as this is my second post to this forum - i am happy to see that this is exactly the kind of constructive advice i was seeking when i signed up. i was hoping that by hanging around you folks, it would help my educative process. please note, that i have yet to make my dslr purchase.
04-21-2009, 05:47 PM   #7
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I would say that one of the biggest difference between 1.4 and 1.7 is the bokeh in the f/2-2.8 range, the 1.4 renders it a lot more smoothly than the 1.7. THat being said, my 1.4 is an M lens and the 1.7 is the Pentax-F version.
04-21-2009, 06:35 PM   #8
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I'll have a Pentax-M SMC f:1.4 again one day, once it gets out of the shop. I sure miss it.
Jim

04-21-2009, 06:50 PM   #9
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QuoteOriginally posted by PollitowuzHere Quote
I would say that one of the biggest difference between 1.4 and 1.7 is the bokeh in the f/2-2.8 range, the 1.4 renders it a lot more smoothly than the 1.7. THat being said, my 1.4 is an M lens and the 1.7 is the Pentax-F version.
Seconded here. The 1.7 bokeh is more blocky. By no means it's bad but if you're after creamy bokeh, 1.4 is the way to go.

I have 1.4 SMC Tak, 1.4 FA, and 1.7 A. 1.4 Tak is the best as far as bokeh and rendering goes imo but it's not as convenient as the FA. Bokeh is really close to the FA though. I just like the Tak colors better.
04-21-2009, 07:33 PM   #10
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Hi Widebody: I think I made some comments on your thread about the K series camera bodies. I suggested the KX.

There just isn't a universally correct answer to your question. There is only your decision, based on your needs, budget and skill.

I have S-M-C Takumar 50/1.4 (screwmount lens for Spotmatics, etc.), K50/1.4 (my first Pentax lens), M50/1.7, A50/1.4 and FA50/1.4. At one time I've had the M50/2, M50/1.4 and briefly, the K50/1.2 (to satisfy my curiosity). I have so many 50's not by choice (except the A and FA), but just because I have accumulated them in package deals and garage sales or as gifts. The K and M lenses are sort of For Sale.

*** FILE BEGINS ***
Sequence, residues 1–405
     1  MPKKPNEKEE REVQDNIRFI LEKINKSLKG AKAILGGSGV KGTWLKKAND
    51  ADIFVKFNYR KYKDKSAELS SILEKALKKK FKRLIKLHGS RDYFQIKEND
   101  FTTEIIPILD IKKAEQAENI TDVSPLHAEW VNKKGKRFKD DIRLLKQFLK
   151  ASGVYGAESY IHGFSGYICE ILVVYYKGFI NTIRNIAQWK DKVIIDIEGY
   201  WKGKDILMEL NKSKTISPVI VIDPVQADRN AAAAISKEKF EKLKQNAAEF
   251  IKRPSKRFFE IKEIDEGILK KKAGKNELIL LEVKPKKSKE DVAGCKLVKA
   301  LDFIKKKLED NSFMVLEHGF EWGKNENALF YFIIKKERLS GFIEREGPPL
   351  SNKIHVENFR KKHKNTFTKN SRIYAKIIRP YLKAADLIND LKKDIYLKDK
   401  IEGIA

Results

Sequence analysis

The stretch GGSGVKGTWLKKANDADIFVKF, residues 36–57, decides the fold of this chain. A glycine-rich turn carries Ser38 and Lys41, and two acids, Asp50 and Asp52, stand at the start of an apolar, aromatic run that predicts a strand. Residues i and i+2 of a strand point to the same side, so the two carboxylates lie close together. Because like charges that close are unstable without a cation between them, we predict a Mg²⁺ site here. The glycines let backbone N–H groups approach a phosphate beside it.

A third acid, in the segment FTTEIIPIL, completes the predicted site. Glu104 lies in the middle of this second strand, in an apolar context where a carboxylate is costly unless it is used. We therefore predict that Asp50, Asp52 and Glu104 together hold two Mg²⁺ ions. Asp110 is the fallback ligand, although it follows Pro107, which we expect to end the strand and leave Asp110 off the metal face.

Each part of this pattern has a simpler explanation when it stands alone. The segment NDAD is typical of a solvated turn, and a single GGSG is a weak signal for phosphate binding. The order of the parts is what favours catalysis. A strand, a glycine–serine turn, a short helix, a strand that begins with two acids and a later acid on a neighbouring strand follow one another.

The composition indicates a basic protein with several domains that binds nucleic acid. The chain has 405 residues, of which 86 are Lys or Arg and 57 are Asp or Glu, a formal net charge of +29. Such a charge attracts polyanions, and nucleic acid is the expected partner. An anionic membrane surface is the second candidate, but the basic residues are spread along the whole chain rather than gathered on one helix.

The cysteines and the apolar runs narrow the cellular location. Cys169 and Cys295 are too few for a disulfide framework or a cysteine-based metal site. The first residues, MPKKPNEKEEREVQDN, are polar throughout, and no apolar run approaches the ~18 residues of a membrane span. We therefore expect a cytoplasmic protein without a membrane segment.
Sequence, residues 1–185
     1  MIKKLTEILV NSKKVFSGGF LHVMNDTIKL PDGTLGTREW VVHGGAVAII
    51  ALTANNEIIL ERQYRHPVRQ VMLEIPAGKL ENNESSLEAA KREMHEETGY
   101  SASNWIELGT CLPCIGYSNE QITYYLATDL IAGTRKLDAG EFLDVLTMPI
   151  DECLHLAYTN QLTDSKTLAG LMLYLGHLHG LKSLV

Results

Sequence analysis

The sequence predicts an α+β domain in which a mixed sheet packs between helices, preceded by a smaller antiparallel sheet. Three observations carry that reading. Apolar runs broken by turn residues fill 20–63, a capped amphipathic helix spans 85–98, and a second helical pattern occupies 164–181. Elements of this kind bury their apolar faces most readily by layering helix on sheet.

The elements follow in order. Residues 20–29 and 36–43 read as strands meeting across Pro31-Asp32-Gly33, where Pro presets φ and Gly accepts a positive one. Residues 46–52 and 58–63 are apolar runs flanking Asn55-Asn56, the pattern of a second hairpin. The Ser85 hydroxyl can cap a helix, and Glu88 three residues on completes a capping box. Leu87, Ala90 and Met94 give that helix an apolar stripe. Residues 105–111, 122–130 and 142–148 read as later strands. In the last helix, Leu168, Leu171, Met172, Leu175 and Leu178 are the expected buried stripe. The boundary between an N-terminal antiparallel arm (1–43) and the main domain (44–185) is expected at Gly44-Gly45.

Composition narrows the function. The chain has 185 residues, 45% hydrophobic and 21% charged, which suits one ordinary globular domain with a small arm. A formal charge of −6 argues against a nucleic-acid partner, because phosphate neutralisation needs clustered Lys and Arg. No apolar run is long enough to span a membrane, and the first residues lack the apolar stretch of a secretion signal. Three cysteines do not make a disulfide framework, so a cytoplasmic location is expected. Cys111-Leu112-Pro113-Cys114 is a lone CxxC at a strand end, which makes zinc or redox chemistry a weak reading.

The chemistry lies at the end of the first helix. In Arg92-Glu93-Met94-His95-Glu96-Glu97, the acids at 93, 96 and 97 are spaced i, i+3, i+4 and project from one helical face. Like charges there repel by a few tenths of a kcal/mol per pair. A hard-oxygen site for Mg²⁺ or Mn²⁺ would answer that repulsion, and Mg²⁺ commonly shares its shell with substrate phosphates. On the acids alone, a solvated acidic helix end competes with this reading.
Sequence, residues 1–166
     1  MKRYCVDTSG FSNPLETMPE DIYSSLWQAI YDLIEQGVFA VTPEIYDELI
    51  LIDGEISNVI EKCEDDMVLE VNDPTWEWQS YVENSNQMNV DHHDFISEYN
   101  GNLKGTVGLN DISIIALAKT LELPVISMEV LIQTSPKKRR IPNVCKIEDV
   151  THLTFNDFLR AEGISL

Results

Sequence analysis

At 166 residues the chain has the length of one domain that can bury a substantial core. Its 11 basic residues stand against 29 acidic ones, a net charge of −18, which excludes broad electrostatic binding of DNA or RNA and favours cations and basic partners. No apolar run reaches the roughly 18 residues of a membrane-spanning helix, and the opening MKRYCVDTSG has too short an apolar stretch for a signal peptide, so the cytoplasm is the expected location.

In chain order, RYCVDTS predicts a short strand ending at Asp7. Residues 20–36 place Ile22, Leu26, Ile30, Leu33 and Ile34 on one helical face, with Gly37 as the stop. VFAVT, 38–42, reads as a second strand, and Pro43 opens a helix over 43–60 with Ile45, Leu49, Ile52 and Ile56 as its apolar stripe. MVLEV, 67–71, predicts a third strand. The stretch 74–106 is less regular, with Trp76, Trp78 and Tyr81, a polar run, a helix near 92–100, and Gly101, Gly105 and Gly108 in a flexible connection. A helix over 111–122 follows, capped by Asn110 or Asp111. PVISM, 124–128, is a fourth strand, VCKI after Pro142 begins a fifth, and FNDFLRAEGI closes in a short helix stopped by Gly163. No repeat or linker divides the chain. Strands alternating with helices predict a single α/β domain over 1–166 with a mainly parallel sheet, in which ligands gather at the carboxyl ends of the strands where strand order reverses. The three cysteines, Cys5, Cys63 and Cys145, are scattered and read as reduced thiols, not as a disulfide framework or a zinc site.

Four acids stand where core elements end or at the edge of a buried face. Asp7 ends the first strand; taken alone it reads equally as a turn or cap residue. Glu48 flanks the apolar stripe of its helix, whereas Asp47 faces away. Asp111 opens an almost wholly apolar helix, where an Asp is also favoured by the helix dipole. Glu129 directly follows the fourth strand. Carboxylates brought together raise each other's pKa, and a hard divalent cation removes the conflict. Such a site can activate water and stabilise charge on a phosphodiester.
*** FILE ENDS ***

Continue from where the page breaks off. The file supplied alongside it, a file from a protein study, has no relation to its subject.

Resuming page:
I've never been able to see any difference in sharpness across those lenses, regardless of what pixel-peepers and comparative testers say. They're ALL very sharp, very good and inexpensive lenses (except the 1.2)

The differences are more subtle - better contrast in the newer lenses due to improvements in coatings; better low-light performance and shallower Depth of Field in the 1.4's due to wider maximum aperture; different color rendering, maybe due to different glass or different coatings; different feel in the focusing rings and construction - mass, balance and size; as mentioned above different bokeh.

You buy a lens that has the characteristics YOU want, at your price. I like to use the manual lenses because the construction is so nice - they are just a pleasure to use. My hobby goes beyond just the image - I also enjoy the actual act of taking the picture, but that is just me.

I am willing to learn how to deal with a lens' shortcomings, such as the extra metering steps with K and M lenses on dSLR's, in order to use it - to take the time - because that is part of my fun. Others think that is a waste of time.

Each has its merits and drawbacks and each is the best lens for certain people or in certain applications.